film was directed by a man.” Although the performances in Blue Is the Warmest Colour were mesmerising, the actresses later criticised director Abdellatif Kechiche for pushing them too hard and objectifying them. Mullen’s approach drew on her own perspective as a woman. “It’s an internal experience, and I thought, I’m going to bring that to the screen,” she says. “We didn’t do touch-ups, we just allowed them to be real. That, to me, is my truth.” Below Her Mouth is Mullen’s first arthouse venture and it’s “a big departure” creatively. “I’m used to fast-paced editing, a lot of action. Below Her Mouth, I hoped, was a much more universal film. It wasn’t a genre-based film. It wasn’t a film for zombie lovers.” Prior to this film, Mullen established herself as a director of slapstick comedy and horror genre pictures. With their company Wango Films, she and collaborator Tim Doiron (he writes, she directs, they co-produce) have made five films over eight years, including Rock, Paper, Scissors: The Way of the Tosser (2007), Gravy Train (2010), Dead Before Dawn 3D (2012), 88 (2015) and Farhope Tower (2015). With Rock, Paper, Scissors, they developed their low-budget modus operandi, which included performing in their own work. Given the small budget, says Mullen, “we wanted to use our weakness as our strength, so we thought, ‘Let’s do a mock doc, in the style of Christopher Guest.’” Although the film had “sort of a cult following,” the distributors weren’t interested because there were no stars. Taking matters into their own hands, Mullen and Doiron went on the road, booking screenings at universities across the country. Each venue featured a rock, paper, scissors tournament, followed by a screening. They travelled in costume, setting up media in each city, two Energizer bunnies hell-bent on garnering publicity for their firstborn. “We just wouldn’t let the film go; this was everything for us. Like, if we don’t get distribution, this is all we have,” says Mullen. “And then we went back to Alliance, with a giant press book, because we’d been on every type of media outlet, and they said, ‘You know what, we’ll take the film.’” As a result of their efforts, Telefilm Canada came on board for their next film, Gravy Train. And for their third picture, Dead Before Dawn 3D, Mullen and Doiron tackled 3D. “The technology was on the rise,“ says Mullen. “We had two RED cameras, one horizontal, one vertical, one which was on a Quasar rig which, at the time, was sort of an invention for 3D, and we were doing workshops for a year on 3D. And then we shot.” Some critics were not kind, but Mullen and Doiron were very clear about their intended audience: adolescent boys. “In the 3D society, the film won a lot of awards,” says Mullen. “It’s mostly viewed in 2D now, but I’m really proud of that film for its technological achievements.” Following Dead Before Dawn, Mullen and Doiron decided to broaden their international sales, and came up with an action thriller, 88. Stylistically, the film has similarities to Below Her Mouth, she notes, particularly the glossy, high-key visuals. “I definitely take very bold steps when it comes to lighting,” says Mullen, “and I will be very specific to choose the curtain, or the lampshade, that the colour will bleed through. And I’ll go with neon lights. I did that for Below Her Mouth and 88, so when it comes to the overall look of the film, I have very specific looks.” spring 2017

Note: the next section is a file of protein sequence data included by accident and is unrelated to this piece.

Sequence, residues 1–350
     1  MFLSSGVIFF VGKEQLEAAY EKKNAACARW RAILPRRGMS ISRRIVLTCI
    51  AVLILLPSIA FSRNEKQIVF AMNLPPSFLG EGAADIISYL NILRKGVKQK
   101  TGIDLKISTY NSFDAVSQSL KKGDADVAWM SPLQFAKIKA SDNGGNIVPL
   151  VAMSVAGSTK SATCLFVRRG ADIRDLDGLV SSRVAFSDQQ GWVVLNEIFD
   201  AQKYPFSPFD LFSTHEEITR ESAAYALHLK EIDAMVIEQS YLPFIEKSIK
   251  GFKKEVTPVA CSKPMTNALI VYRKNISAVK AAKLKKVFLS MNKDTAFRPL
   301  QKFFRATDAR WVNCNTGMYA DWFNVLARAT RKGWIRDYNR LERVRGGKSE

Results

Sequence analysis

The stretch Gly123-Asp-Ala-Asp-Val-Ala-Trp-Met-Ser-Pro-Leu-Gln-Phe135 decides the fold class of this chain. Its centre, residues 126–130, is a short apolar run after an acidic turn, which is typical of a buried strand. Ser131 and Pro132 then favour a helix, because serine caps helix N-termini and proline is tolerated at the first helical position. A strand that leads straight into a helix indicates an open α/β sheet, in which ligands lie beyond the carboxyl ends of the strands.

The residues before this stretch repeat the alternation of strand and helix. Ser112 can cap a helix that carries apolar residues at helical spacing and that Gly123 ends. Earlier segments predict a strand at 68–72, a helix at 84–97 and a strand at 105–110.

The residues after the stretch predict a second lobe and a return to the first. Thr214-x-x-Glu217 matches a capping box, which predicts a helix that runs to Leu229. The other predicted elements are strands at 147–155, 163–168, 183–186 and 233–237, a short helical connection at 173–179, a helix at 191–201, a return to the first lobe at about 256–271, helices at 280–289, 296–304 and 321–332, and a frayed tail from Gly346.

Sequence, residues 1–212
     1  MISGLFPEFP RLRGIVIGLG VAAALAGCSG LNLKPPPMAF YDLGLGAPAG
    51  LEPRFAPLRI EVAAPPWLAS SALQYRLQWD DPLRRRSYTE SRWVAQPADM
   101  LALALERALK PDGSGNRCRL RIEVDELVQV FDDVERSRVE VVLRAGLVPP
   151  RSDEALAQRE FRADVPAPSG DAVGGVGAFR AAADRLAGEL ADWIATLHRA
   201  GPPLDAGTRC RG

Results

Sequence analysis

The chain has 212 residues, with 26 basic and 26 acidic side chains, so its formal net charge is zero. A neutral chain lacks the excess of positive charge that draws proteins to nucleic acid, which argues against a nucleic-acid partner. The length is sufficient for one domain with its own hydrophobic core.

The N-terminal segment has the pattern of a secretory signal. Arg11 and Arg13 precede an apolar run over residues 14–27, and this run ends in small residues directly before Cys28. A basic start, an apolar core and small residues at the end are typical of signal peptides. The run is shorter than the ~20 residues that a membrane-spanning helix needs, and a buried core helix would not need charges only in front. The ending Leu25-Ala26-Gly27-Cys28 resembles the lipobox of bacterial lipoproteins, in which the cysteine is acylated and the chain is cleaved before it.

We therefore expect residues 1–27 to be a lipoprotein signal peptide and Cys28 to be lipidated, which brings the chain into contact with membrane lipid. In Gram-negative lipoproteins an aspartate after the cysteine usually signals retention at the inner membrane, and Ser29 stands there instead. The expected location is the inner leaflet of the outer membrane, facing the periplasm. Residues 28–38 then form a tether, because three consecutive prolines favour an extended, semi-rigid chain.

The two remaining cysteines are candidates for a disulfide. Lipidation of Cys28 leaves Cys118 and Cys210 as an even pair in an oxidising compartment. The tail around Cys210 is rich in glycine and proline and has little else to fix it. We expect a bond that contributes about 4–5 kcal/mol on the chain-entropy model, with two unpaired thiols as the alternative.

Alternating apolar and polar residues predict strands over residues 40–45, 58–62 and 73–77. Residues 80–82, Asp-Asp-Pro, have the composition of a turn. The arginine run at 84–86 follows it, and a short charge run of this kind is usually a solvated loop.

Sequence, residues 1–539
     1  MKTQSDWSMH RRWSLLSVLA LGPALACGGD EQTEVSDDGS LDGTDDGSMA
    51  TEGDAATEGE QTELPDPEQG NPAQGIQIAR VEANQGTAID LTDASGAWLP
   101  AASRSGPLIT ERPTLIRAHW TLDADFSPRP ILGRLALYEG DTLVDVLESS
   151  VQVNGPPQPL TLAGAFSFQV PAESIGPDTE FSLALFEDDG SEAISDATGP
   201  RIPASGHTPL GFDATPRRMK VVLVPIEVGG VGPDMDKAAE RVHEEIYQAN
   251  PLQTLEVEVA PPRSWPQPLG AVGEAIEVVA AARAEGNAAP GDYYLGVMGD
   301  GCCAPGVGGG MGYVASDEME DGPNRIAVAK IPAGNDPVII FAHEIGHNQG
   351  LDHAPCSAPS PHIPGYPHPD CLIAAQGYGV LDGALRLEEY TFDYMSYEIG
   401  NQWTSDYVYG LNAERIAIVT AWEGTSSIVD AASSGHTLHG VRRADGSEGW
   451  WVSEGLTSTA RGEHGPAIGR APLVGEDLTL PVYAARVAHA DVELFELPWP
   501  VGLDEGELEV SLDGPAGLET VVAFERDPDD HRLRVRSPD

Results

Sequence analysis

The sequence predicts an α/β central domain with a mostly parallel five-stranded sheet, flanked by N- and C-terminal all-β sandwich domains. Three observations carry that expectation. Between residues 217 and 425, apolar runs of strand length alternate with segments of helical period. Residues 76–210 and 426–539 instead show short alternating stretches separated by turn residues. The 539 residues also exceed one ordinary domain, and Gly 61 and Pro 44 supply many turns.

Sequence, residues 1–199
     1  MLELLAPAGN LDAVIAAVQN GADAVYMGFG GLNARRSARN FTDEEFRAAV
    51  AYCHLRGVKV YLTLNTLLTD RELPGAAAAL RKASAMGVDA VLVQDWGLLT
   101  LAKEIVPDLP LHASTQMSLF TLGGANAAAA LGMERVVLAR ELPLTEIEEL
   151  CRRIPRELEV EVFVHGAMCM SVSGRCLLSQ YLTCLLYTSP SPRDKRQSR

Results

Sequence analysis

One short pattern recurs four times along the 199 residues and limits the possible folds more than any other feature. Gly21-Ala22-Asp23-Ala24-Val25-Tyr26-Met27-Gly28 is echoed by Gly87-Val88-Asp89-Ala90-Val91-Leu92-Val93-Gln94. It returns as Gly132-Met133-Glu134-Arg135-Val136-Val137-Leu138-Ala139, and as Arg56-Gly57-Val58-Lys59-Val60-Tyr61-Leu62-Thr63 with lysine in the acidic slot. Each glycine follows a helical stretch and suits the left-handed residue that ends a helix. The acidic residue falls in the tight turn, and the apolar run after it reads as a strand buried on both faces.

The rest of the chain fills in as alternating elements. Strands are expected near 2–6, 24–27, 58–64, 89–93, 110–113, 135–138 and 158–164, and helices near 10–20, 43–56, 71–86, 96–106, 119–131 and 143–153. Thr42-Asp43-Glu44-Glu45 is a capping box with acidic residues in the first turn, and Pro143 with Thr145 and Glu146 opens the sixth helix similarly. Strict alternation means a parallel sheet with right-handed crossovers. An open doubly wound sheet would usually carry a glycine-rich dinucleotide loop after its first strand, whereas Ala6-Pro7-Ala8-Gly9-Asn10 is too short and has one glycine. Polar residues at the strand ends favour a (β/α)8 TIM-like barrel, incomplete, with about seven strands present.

spring 2017